What is Clexane?
Clexane is an injectable form of heparin – an anticoagulant prescribed to people with antiphospholipid syndrome, Hughes Syndrome, clotting issues. It prevents clots and thins the blood slightly, helping to prevent some forms of miscarriage.
If you are prescribed Clexane, you will need to inject it just under the skin (subcutaneously). There are a number of things that can help you do this with minimal trouble or discomfort.
What you will need
A ‘sharps’ box for the used injections.
Preparation for the injection
- Choose a spot to inject. The thigh or the stomach are recommended, but I’d suggest injecting into the skin of your stomach. Although it seems a little gruesome injecting yourself in the stomach when you’re pregnant, it does hurt a lot less than the thigh. If you are injecting in the stomach, around (but not too close to) the belly-button is a good spot.
- Clean the area with water & cottonwool. Most people would recommend surgical spirits beforehand, but this is actually not a good idea. The alcohol strips the needle of the coating that helps it slide easily through the skin. If you use water to clean the area (or inject after a shower), the needle will hurt less, and cause less bruising to the skin. Surgical spirits also sometimes causes the skin to harden slightly, or get a rash.
Injecting the Clexane
- Hold the injection like a dart, between your forefinger and your thumb.
- With the other hand, pull some skin up (the manufacturers suggest pinching skin between your fingers, but I find that if you have fat on your belly, it’s harder to pinch the skin than it is to just pull some up – choose whichever works best for you).
- With the dart-hold, insert the needle into the skin. Note – some areas are more sensitive than others. If you find the injection extremely painful, it’s sometimes easier on you to just choose another spot (don’t forget to clean it first).
- Now you can change the hold position to the ‘standard’ injection hold (that makes it easier to push the plunger down). Before you start pushing the liquid into yourself, pull the plunger very lightly, checking for blood. If you see blood, you have accidentally nicked a vein, you will need to readjust the needle so that you’re out of the vein. This doesn’t happen often, and you will survive (expect a big bruise!). If you’re concerned, check in with the doctor or hospital staff.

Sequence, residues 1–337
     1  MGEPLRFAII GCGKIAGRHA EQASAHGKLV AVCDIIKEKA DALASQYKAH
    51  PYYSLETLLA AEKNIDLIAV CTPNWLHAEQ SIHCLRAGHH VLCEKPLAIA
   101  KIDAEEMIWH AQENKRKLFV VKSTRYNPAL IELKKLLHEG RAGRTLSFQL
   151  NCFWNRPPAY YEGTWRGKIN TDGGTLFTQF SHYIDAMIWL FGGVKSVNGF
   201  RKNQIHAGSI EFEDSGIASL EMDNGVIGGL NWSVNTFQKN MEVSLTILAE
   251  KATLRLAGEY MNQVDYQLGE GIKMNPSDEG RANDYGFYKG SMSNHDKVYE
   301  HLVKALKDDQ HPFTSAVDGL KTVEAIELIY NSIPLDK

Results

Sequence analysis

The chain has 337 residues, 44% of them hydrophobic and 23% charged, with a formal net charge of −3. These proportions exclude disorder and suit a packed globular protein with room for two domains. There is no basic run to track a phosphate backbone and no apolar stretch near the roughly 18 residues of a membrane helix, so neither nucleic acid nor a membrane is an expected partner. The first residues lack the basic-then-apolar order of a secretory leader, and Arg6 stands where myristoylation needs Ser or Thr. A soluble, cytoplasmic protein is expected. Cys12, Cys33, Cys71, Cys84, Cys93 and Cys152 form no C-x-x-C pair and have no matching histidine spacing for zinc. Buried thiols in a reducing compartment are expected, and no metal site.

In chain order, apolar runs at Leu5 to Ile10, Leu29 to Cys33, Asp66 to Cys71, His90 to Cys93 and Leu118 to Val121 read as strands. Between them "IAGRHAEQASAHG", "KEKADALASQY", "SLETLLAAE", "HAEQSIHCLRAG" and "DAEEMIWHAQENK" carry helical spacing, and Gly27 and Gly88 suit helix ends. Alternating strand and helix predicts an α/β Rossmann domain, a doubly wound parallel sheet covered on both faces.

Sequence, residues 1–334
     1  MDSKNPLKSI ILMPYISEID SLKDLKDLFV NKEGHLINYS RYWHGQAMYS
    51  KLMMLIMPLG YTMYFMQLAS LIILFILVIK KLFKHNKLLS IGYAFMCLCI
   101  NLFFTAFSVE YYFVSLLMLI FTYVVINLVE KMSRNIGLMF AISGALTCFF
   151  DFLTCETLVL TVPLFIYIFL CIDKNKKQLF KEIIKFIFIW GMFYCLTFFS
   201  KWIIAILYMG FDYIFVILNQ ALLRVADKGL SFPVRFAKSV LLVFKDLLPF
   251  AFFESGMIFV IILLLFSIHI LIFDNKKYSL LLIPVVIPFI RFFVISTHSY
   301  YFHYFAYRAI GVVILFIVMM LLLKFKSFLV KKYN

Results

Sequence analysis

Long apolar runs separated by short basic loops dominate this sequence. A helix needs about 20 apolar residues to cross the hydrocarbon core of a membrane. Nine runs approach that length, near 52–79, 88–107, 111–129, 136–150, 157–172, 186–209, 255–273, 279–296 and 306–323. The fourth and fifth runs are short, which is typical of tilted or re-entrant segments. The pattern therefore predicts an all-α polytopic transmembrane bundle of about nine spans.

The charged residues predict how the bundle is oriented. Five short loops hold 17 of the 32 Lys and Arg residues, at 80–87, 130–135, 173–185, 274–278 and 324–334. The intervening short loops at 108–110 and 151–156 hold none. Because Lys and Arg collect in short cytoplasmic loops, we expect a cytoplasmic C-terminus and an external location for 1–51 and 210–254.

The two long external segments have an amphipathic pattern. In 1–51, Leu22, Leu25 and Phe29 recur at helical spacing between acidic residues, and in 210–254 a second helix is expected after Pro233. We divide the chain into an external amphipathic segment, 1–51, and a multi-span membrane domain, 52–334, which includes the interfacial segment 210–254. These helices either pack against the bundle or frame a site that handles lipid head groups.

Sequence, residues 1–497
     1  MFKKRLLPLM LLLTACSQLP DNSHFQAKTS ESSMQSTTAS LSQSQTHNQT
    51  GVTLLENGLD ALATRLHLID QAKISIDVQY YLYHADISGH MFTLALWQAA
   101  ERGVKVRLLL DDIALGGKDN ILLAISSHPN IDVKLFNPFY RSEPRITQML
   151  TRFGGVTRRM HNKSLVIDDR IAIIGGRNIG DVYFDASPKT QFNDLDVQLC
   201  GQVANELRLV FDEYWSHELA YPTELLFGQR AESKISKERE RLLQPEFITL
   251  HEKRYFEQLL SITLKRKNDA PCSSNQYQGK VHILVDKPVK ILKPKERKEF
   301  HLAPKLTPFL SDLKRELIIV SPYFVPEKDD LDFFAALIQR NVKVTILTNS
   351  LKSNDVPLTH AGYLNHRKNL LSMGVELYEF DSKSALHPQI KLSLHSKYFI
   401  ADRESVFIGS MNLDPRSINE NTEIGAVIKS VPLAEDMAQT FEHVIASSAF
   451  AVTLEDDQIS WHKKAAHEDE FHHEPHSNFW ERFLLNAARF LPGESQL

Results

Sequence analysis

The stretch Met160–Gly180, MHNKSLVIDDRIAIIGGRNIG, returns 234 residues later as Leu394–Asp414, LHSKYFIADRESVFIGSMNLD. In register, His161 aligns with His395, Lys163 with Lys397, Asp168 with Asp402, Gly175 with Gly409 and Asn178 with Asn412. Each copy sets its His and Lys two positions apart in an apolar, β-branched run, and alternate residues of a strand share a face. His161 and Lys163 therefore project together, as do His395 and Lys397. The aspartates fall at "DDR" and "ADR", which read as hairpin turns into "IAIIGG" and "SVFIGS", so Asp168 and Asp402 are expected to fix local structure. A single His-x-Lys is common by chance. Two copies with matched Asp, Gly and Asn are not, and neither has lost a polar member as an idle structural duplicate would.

- Inject the Clexane, pushing down slowly on the plunger. The speed doesn’t really matter, but I find that injecting fast hurts more sometimes. Inject until the air bubble goes to the needle. I’ve read that the air helps prevent bruising by pushing the Clexane deeper under the skin, but to be honest, I haven’t found any difference. I am a bit freaked out by the air, to be honest.
- Remove the needle carefully, replace the lid of the needle firmly (make sure it is straight so that the needle doesn’t penetrate the plastic and stab you), and then push the plunger down some more – this triggers a safety mechanism that spring-loads a plastic needle protection after use.
- Take the empty injections to the nearest pharmacy/drugstore/hospital so that they can dispose of them safely.
Tips for Injecting Clexane
- DO NOT USE ICE to numb the skin. The cold makes the skin tighter, which makes it harder to inject. Also, you can give yourself freezer burn.
- If you have the old style of injection (it is yellow, not white), you can warm the liquid up slightly by holding the injection in your armpit or thighs.
- If your skin is ‘resisting’ or feels tough so the needle is not easy to push through, breathe slowly and visualize some soft butter, with a warm knife sliding through it. I do this, saying to myself ‘warm knife through butter’, and I swear by it.
- There’s a bubble of air in your injection. This is meant to be like that. It is used to push all the Clexane out of the needles, and apparently to reduce bruising.
- If you think happy thoughts while you’re injecting, the injection will hurt less. (It distracts your brain from the anticipation of pain).
Make sure to tell your doctor before using Clexane if you have, (or ever had) any of the following medical conditions:
- major blood disorders
- any types of stroke
- stomach or bowel problems such as ulcers or ulcerative colitis
- bacterial infections in your heart
Alert your doctor immediately if you develop any of the following symptoms (they may be signs of allergy)
- swelling of the face, lips or tongue,
- wheezing or troubled breathing,
- skin rash, itching hives, blisters or peeling skin.
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